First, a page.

Rising to the Challenge

We are constantly challenged to remain current in the fast changing educational landscape. Leveraging knowledge of others is crucial and much of what we have been able to achieve has been as a result of interaction with the broader educational community. This is a landscape where the possibilities offered by technology are outstripping pedagogical practices.This statement by Thornburg in 2004, surprisingly, still holds currency.

“The notion of educational practice as the impartation of a (largely decontextualised) body of information to be regurgitated on examinations is dead. It has been dead for a long time, although vestiges of it seem to have survived. But consider this: this model of education is experiencing its own demise simply because it is inadequate for the educational needs of young people entering a dynamic workforce where lifelong learning and creativity are among the few certainties for success.” (Expectations, 2004, Thornburg Center)
Exploration of literature makes it abundantly clear that some systems are harnessing technology and pedagogy with greater success. Certainly we are seeing innovation occurring in Asia and Scandinavia. If we take PISA assessments as a litmus we must believe that some systems are working more effectively than others. 

“An in-depth report by the Grattan Institute on the successes of four of the top five territories—Hong Kong, Shanghai, South Korea and Singapore—found that the success of the East Asian ‘tiger’ countries in PISA is likely to be connected to reforms that have developed the capacity of teachers.”(Ben Jensen, Catching Up: Learning from the Best School Systems in East Asia (Melbourne: Grattan Institute, 2012)

“No education system in East Asia that participates in international tests ranks below the international average. Such outstanding performance has led to the perception that East Asian education systems, particularly Shanghai, Hong Kong, Korea, and Singapore, exemplify practices and policies worthy of emulation worldwide”(Jensen, 2012) (OECD, 2011, 2014; Tucker, 2014, 2011) (Miao & Reynolds, 2014). (Ref: Zhao, Y. (2015). Lessons that matter: What should we learn from Asia?, Mitchell Institute discussion and policy paper No. 04/2015.)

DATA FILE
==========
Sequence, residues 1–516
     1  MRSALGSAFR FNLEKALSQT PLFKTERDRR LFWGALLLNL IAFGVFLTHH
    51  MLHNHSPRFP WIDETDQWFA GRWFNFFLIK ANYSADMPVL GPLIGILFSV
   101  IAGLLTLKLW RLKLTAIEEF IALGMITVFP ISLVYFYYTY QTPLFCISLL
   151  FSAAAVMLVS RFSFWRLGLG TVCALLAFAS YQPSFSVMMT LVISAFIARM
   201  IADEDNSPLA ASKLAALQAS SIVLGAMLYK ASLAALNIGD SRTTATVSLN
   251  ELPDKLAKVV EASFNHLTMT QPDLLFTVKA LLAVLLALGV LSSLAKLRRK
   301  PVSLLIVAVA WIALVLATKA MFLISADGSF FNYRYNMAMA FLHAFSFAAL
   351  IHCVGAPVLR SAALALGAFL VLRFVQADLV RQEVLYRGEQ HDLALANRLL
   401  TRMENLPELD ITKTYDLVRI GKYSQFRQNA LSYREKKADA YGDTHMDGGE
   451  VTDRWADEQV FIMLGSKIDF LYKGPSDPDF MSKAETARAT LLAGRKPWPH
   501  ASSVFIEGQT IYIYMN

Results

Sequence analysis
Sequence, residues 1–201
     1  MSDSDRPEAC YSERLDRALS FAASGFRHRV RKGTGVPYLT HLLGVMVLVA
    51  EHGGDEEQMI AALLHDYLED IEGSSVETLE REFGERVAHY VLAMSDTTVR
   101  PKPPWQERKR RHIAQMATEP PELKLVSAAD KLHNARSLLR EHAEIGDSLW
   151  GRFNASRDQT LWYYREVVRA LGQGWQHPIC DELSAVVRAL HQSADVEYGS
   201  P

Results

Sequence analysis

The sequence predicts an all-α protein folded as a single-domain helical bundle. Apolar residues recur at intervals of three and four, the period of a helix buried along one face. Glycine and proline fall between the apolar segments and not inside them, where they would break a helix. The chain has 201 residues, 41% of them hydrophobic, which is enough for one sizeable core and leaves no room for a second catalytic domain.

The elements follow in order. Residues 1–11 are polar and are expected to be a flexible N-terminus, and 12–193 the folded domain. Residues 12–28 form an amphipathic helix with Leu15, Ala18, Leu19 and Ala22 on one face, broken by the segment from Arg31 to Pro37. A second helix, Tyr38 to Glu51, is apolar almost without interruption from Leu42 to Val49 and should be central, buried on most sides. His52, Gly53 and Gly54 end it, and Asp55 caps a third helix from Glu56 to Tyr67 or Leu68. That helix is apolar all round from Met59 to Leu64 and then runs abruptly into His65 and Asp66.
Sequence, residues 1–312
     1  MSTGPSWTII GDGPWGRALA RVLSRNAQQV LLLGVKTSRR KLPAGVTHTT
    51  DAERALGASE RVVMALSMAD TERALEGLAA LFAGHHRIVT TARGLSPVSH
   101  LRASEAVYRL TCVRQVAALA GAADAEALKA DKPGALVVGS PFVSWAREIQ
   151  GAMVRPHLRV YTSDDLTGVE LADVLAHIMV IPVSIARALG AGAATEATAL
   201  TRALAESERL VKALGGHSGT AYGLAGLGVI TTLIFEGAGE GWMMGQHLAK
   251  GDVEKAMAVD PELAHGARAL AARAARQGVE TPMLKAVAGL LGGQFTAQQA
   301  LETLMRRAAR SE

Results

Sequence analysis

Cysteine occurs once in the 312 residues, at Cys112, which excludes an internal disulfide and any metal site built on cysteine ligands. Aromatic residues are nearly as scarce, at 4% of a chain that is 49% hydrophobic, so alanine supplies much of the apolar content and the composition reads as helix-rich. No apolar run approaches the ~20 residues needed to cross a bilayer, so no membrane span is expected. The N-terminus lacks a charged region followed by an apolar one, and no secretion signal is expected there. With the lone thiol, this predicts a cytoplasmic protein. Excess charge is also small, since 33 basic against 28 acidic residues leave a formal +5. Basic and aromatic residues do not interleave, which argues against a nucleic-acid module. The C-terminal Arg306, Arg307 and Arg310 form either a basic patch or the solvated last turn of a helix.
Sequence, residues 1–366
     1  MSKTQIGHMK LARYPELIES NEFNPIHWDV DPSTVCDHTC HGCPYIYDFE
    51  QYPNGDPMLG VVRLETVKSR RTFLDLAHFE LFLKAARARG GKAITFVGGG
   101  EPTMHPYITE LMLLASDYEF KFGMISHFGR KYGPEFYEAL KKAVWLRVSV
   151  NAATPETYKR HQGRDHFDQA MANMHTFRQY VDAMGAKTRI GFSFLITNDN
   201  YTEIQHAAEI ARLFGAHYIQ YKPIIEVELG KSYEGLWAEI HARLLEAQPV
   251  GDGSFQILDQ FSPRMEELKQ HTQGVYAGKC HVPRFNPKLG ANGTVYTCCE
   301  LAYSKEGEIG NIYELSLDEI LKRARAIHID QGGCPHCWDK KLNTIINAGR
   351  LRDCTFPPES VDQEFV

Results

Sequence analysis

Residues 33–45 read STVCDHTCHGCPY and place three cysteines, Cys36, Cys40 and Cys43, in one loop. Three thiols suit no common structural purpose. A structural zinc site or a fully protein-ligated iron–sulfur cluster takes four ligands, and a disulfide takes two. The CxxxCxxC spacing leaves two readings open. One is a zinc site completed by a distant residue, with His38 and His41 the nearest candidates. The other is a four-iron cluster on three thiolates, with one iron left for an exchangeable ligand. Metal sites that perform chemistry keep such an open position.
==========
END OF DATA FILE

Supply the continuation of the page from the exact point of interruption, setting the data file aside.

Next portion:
There is a strong perception that the strength of these systems, and I must include Finland here, is that these systems are actively evolving to embrace pedagogical practices which better prepare students for a 21st Century World. To continue our evolution we should look beyond the traditional conferences and courses. We need to look at regions that are innovating differently and importantly are perceived to be succeeding. We should see what can be learned from the innovators in Asia.

“Outside observers have largely neglected or misunderstood these reform efforts, either failing to address why and how East Asian education systems have engaged in continuous reform over the past three decades or mistakenly treating some of these reform efforts as reasons for outstanding performance on international assessments. As a result, many of the popularly promoted lessons drawn by outside observers relate at best to the recent past of education in East Asia, while these systems have been actively working to create an education of the future.” (Ref: Zhao, Y. (2015). Lessons that matter: What should we learn from Asia?, Mitchell Institute discussion and policy paper No. 04/2015.)

And finally this comment, while reflecting on the UK system, is relevant here too. 

“Success will go to those individuals and nations that are swift to adapt, slow to complain and open to change. The task for UK policymakers is to help its citizens rise to this challenge.” (Andreas Schleicher is deputy director for education and special adviser on education policy to the Organisation for Economic Cooperation and Development’s Secretary General.)

Here I have included links to a couple of conferences occurring in Singapore and Hong Kong later this year which look worthwhile opportunities. (Wish list items)








Journeying in a Sandbox: Learning Spaces